Tuesday, 20 August 2013

Style of Romeo and Juliet By Jessica Barber and McCaul Baggett.

 Shakespeare's Romeo and Juliet is arguably the greatest tragedy ever written. Using tragic elements such as pride, death, pain, and loss, he creates one of the most dynamic wolds in all of literature. It is the pride of the Montague and Capulet families which leads to the deaths of their children. The inability of the families to put aside their differences, even for true love, is the primary flaw in the tragedy. Ironically, the players of this drama in and of themselves are basic comic characters. As cited in Everybody's Shakespeare by

Shakespeare's Romeo and Juliet is arguably the greatest tragedy
 Maynard Mack: "The characters are individualized, it is true, well beyond the usual comic types; but they show nonetheless some recognizable blood ties with the kinds of people we expect to meet within stage and film comedy: the Beautiful Ingenue, the Convention Ridden Parents including the Irascible Father, the Parent-Approved suitor, the Dashing Romantic Suitor, the Male Confidant and Female
Confidante, the Bumbling Well-Meaning Counselor, and the rest." (Mack 69) Shakespeare juxtaposes the comic characters with their tragic actions to emphasize the severity of the situation. In this world of comic characters and tragic events, the essence of reality is passion; the emotions of the characters are magnified by the lens of their perceptions. The high level of emotion is in stark contradiction to the fact that no emotion lasts through the play's entirety except the immortal love shared by Romeo and Juliet." . . . yet even in death, Paris's love remains but a weak shadow of Romeo's. In . . . contrast to Paris's simple floral token, the items borne by Romeo to Juliette's tomb are poison and a dagger, symbols of a marriage that will be externalized in death.

Romeo himself is no stranger to inconstant emotions as displayed by his false affection for Rosaline. Even he quickly abandons his emotions when he finds them no longer interesting. When Tybalt becomes aware of Romeo's presence at the Capulet party, he threatens violence, but Capulet intervenes. This intervention demonstrates Capulet's willingness to reduce the importance of the feud and place it under the necessity of being a good host. The Nurse shows her own emotional inconsistency when she advises Juliet to marry Paris after previously aiding in Romeo and Juliet's secret meetings. The final and most significant example of shifting emotions occurs in the last few lines of the play. It is here that the feud itself, the source of all conflict in the play is abolished. Through the passion of his character's emotions, Shakespeare clearly defines their motivation. He intended the play to be very clear in production. The message sent to the audience through the actions of the characters portrays a very clear moral statement and simultaneously delivers a very intricate emotional experience.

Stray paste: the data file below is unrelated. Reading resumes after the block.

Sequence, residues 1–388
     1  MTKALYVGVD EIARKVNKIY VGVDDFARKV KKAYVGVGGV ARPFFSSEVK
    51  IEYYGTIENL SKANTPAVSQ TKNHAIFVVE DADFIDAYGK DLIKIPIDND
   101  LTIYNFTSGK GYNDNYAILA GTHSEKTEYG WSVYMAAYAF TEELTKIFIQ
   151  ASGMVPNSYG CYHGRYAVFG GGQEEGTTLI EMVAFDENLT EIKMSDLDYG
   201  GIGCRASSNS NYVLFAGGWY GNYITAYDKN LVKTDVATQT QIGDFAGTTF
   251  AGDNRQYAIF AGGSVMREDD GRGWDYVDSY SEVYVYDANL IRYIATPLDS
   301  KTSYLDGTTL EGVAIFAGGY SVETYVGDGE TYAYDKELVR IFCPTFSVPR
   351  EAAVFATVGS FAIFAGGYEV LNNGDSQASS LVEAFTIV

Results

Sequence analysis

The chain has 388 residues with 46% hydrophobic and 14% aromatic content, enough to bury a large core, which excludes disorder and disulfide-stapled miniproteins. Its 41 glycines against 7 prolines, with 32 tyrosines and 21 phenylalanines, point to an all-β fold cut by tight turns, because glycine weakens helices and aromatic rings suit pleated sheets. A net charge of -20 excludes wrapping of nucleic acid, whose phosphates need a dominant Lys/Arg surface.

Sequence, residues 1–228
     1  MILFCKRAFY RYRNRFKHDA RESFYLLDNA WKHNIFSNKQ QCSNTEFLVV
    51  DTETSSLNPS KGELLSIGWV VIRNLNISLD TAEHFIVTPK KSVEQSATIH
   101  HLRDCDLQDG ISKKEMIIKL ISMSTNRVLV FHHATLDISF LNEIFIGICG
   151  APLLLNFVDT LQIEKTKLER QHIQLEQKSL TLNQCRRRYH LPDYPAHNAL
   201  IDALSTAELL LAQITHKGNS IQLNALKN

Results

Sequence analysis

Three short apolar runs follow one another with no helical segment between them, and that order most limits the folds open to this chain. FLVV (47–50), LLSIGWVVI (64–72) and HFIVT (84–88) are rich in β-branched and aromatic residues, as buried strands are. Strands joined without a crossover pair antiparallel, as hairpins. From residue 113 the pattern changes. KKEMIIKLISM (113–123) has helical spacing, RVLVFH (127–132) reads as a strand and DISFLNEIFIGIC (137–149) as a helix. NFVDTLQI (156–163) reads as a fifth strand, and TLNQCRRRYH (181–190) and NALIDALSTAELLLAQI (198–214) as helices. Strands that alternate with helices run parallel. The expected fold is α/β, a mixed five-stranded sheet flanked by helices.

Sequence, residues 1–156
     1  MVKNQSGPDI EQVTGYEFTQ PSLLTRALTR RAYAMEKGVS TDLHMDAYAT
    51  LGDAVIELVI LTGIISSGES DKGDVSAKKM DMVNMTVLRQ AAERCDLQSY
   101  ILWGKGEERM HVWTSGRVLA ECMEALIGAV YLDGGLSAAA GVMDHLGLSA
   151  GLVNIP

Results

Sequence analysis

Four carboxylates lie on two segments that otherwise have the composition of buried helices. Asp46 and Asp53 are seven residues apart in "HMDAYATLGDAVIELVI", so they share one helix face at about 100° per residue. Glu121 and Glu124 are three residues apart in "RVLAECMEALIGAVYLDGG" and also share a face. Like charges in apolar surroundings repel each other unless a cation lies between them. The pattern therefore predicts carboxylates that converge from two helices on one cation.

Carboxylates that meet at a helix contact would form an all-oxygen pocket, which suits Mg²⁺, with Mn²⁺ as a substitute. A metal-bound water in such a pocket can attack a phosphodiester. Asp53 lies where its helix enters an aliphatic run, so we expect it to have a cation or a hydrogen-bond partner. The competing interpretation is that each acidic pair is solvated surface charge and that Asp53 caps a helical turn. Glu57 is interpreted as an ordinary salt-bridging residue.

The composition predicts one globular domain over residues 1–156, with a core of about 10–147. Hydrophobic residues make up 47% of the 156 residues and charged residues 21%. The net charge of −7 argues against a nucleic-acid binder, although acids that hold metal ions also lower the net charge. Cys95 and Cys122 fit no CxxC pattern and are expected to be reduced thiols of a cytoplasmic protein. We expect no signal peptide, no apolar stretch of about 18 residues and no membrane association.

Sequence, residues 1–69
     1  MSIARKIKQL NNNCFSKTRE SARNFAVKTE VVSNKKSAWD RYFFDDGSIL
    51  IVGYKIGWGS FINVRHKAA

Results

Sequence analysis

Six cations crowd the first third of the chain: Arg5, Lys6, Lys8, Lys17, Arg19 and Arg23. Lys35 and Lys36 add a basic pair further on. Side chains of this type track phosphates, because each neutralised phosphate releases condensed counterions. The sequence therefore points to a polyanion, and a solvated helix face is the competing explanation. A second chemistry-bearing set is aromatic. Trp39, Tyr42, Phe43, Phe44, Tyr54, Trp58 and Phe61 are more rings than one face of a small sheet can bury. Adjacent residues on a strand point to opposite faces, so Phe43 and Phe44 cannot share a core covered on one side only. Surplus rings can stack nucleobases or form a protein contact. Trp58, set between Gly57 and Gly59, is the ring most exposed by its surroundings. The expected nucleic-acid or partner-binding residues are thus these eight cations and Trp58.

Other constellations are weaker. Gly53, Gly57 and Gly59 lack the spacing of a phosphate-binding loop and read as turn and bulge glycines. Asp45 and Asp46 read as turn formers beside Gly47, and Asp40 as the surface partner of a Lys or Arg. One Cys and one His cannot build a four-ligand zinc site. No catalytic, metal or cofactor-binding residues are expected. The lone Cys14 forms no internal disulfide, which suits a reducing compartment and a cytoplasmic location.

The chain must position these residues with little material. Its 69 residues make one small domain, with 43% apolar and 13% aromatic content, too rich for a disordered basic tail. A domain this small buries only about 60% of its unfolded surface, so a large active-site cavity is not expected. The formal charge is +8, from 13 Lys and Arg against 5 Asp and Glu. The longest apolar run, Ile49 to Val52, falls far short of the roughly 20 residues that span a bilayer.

Shakespeare places these comedic characters and their tragic decisions in the representative place of Verona.

He invites the audience to travel to a world of extremes: powerful emotions that don't last, eternal love blossoming in the middle of a war zone, a lifetime feud that can be cast aside for an evening, comic characters in a tragic setting. Shakespeare utilizes this setting to illustrate the contrast between the relationships of love and hate.
The love shared between Romeo and Juliet is a very private experience and takes place mostly at night in secret.

The hatred between the two families is expressed through scenes that occur mostly in the daytime and in public.

The feud is never hidden. This animosity is reflected in the sweltering summer heat. Another contrast that enables Shakespeare to accentuate certain aspects of the play is the use of prose vs. blank verse. Blank verse is used throughout the entire play except in one short comic scene [this will be a link to a section of text still must check the doc to find the right section but I will get back to you] between the nurse and the musicians.
Shakespeare used this convention in most of his tragedies to represent a transition.

The comic interlude is given a more familiar and informal feeling by this use of prose. For the rest of the play, Shakespeare uses rhyming couplets to emphasize important lines. Blank verse is more fluent than prose.

Another way Shakespeare adds to the dynamism of his story also stems from language. The use of imagery is prevalent in all of Shakespeare's plays. One example of this literary device in Romeo and Juliet is his recurring reference to flowers and herbs:"In a drama of tragic design in which crossed human affairs are analogous to the impartial operation of substance in the natural world some characters' names are linked suggestively to specific herbs and their intrinsic virtues: Romeo with rosemary . . . and either Lady Capulet or the Nurse with angelica .

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